Many people tend to believe that “coding” is beyond their reach. I am proof that it is not. No matter what your aptitude, you will be able to tweak your spreadsheets using the embedded VBA (Visual Basic for Applications) code.
Do you need to go out and buy one of those huge books that claim to demystify VBA? Eventually, but not in the beginning. The best way to begin, is to record simple macros and then view the code that underlies them.
Macros? What are Macros? I hear you say. Well, this is exciting stuff. Everything you do on Excel can be recorded. This is called a Macro. You move your mouse around and click on the things you usually click on and Excel will record everything you do. You can then play it back later and have it repeat what you did. This is really useful for tasks that you have to repeat. Especially those tedious, boring ones.
Now – where can you find these magical recordings? You know those ribbon menus across the top of the program? Well there is one missing. Take your mouse up to the top of the screen and press the right mouse button on one of the tabs. Left click on Customize the Ribbon. And wait a second or two. The Customize the ribbon window will open. Look at the ribbons available along the right side of the screen and you will notice that the Developer ribbon is missing a tick. Click on it to add the tick and click ok. You will now notice a tab with the words Developer on it. Click on it.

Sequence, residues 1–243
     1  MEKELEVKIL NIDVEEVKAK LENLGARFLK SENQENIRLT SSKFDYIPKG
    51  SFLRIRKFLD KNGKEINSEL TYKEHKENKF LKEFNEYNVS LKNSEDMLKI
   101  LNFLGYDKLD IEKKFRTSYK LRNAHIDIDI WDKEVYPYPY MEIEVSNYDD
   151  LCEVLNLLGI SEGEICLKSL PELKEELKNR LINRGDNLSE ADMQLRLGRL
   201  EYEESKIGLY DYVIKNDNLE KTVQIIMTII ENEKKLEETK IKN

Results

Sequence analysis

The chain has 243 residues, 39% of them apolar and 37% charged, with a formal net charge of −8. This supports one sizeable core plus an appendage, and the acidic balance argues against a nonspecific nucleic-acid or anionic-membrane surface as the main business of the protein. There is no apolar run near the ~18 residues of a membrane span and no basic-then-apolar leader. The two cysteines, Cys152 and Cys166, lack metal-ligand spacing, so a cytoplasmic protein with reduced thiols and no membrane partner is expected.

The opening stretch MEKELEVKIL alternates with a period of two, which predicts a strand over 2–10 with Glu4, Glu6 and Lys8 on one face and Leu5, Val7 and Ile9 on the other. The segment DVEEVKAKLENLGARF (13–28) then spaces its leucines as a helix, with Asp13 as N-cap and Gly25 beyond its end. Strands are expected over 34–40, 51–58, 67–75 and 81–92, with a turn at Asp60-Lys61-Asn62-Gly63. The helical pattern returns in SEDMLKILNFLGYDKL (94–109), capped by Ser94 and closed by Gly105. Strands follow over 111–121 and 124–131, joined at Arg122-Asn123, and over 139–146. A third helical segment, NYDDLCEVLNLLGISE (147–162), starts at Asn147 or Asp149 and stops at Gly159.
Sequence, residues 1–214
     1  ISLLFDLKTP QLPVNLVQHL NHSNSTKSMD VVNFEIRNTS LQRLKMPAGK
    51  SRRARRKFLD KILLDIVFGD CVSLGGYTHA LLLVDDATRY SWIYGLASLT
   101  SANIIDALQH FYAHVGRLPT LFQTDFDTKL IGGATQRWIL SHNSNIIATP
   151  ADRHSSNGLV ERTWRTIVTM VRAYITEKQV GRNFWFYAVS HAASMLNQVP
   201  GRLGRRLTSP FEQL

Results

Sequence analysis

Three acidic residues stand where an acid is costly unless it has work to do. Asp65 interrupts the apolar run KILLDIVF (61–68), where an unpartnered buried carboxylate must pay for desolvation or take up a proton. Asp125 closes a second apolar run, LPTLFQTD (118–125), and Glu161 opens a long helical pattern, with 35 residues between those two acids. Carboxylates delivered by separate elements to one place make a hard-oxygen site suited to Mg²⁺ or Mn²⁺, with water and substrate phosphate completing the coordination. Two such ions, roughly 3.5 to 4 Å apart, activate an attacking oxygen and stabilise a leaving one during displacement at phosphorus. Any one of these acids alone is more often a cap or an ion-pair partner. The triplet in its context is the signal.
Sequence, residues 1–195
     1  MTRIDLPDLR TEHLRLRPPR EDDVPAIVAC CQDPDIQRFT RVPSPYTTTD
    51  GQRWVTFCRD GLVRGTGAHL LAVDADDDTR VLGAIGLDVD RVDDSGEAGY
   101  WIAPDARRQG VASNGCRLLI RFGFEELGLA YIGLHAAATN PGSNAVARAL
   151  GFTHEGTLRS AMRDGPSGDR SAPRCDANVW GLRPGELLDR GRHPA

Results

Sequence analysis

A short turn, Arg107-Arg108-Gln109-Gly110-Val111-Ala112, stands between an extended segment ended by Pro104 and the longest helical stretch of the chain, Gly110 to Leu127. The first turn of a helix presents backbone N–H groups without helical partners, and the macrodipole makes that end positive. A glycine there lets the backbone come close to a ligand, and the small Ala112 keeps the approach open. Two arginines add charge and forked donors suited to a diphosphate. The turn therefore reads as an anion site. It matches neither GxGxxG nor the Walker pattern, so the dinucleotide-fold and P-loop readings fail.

Click on Record Macro. Make sure the name you choose doesn’t contain spaces or strange characters – letters and numbers only. Also make sure that This Workbook is selected, otherwise you will not be able to view the code. Click on Ok.
Now do things. Open a file, type some text, made something a different colour or make it bold. Anything. When you are done, click on Stop Recording.
Now you are ready to look at it. Click on the Macros button and click on the macro you just recorded. On the right hand side you will see an Edit option. Select it. You are now in the code window and looking at the code behind the Macro. While reading it, think about what you were doing. After a few times, you will begin to see what the computer does when you move the mouse around the screen and click.
Remember to save the document if you wish to view the code later. It will not allow you to save it as a normal document (xlsx). You will have to select Save As and select a macro enabled spreadsheet (xlsm)
Enjoy playing around. If you liked this experience, ask LGIT about their Microsoft Excel 2010 Macros and VBA course.
Blog post by Cathy